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4 entries from June 2015

Summer Road Trip Tips: Staying Sane in Traffic Jams

Traffic jam

It seems we are well and fully into the summer driving season. Earlier this week, we returned from Vancouver Island and just before we drove through the Massey Tunnel back to Vancouver proper, we hit a massive traffic jam.

It was hot, we all just wanted to BE HOME and more than one of us needed to find a washroom. To help everyone in the car keep their cool, we tried the following tips:

Tip #1: Relinquish control
There are few things more difficult than accepting that you are stuck in traffic and there's nowhere to go. You can't move the traffic with your mind. You can't turn on your car's helicopter function. You can't stop the dog from gassing you in the backseat. Stop mentally struggling and just accept that being in traffic is just part of your cosmic journey. Which bring us to Tip #2.

Tip #2: Breathe it out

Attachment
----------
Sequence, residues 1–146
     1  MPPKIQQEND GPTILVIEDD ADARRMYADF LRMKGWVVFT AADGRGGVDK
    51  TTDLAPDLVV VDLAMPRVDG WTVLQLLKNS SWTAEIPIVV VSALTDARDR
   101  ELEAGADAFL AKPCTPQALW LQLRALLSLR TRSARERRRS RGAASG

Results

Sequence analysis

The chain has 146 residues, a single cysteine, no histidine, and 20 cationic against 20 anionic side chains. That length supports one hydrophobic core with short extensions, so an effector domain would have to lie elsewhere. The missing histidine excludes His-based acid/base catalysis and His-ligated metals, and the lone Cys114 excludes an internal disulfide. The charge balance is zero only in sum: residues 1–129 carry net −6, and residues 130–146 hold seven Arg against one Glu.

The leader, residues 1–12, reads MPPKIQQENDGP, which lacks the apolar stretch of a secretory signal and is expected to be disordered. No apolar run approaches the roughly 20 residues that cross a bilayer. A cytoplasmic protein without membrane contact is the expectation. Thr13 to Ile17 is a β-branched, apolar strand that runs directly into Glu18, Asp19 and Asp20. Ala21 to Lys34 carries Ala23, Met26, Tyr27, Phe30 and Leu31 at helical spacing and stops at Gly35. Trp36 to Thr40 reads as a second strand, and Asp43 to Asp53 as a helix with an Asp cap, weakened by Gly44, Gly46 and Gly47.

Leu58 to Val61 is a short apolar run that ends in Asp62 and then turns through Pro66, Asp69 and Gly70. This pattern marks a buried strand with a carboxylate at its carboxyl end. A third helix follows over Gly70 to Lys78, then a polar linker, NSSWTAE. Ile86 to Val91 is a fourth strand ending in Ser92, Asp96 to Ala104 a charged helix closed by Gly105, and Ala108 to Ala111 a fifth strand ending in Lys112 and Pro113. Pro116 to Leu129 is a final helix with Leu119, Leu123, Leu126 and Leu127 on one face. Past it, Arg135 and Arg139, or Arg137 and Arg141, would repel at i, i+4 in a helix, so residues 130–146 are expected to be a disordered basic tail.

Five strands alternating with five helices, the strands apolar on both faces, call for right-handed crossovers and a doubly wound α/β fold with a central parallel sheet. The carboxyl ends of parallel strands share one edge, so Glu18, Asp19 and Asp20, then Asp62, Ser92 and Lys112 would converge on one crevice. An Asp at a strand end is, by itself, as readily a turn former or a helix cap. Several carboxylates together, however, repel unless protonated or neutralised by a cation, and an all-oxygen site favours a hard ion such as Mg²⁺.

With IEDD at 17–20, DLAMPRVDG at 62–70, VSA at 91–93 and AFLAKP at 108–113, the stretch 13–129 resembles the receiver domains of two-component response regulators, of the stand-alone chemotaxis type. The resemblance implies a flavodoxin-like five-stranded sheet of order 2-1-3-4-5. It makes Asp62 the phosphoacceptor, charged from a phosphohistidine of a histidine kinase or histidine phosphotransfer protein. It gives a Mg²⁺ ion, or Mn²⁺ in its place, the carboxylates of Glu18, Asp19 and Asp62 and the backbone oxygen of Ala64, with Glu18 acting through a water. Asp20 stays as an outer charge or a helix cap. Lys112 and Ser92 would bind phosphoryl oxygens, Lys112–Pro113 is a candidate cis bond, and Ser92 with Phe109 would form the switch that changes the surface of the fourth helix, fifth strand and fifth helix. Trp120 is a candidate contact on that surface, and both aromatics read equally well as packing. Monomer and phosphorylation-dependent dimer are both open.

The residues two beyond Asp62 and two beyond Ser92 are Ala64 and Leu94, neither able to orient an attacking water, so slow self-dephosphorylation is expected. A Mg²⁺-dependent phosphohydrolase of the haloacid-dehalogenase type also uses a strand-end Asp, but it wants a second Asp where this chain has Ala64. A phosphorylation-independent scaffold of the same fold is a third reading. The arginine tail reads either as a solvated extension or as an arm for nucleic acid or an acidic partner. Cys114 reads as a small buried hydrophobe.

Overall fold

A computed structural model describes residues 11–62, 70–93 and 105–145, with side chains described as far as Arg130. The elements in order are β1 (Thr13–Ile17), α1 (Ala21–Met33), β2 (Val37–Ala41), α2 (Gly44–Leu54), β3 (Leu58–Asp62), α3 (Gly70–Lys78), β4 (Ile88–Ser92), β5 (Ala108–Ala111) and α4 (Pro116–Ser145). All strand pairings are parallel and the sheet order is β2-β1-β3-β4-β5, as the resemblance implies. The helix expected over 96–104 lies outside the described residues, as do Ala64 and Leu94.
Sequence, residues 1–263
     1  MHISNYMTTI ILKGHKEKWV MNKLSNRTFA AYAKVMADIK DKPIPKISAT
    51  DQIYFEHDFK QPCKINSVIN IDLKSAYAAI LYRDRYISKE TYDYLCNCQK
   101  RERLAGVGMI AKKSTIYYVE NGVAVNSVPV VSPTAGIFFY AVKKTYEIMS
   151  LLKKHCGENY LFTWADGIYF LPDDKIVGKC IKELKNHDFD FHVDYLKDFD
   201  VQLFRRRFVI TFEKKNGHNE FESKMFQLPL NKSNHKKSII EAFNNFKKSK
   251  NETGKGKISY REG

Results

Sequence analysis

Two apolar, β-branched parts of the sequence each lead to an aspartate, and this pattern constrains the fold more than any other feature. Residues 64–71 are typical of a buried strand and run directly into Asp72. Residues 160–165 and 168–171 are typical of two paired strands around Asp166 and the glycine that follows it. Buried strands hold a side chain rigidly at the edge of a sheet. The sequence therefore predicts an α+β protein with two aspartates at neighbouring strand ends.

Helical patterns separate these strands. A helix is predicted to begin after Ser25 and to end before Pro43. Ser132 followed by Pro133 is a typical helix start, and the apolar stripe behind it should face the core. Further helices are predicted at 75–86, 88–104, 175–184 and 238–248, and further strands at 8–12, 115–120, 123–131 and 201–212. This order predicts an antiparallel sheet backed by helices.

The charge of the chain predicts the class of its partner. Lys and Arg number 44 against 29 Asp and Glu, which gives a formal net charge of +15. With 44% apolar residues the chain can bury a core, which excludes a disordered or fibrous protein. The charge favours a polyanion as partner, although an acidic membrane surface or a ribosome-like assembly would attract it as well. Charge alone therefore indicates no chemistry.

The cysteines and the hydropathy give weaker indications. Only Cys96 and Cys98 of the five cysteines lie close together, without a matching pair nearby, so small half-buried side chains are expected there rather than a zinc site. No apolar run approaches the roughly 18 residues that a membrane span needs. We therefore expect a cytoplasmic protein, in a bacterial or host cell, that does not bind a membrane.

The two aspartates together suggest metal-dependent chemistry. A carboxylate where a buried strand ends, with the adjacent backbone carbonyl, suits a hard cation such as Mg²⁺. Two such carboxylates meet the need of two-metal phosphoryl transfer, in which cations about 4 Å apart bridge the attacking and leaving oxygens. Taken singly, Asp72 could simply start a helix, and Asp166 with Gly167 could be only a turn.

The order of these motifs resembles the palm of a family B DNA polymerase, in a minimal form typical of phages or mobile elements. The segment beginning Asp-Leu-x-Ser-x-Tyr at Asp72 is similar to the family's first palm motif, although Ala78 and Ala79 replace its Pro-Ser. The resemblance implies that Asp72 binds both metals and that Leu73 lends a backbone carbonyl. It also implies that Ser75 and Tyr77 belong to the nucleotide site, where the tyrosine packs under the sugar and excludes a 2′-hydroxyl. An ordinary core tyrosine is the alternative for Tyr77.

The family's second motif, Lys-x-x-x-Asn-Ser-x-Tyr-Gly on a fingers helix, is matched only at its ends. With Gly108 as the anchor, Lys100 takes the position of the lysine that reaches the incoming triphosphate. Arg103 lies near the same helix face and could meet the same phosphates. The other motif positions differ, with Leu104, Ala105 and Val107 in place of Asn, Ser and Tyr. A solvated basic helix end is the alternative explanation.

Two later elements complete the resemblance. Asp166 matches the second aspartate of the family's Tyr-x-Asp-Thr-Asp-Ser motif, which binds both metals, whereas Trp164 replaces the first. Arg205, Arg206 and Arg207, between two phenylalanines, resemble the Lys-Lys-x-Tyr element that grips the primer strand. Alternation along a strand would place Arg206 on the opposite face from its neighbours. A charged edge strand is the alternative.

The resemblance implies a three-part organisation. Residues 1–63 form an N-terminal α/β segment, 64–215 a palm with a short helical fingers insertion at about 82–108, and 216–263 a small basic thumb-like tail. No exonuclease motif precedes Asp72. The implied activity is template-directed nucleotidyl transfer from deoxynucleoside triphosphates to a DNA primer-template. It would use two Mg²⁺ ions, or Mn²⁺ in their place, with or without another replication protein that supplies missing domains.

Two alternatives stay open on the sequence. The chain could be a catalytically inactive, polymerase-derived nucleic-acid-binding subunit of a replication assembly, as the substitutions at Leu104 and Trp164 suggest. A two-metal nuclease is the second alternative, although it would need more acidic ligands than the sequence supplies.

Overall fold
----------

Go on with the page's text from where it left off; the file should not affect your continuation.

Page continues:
Situations like traffic jams really increase our stress levels and can elevate our breathing. Elevated breathing triggers a "fight or flight" response in our bodies which just makes us more stressed. But we can turn this vicious cycle into a virtuous circle with some conscious breathing, a technique used in several yoga practices. Now, we don't want anyone doing a full Ashtanga practice in their car! But this simple breath exercise can reduce stress and anxiety: Breathe in through your nose, slowly, for five seconds. Hold your breath for three seconds. Breathe out through pursed lips, slowly and gently, for seven seconds. Repeat.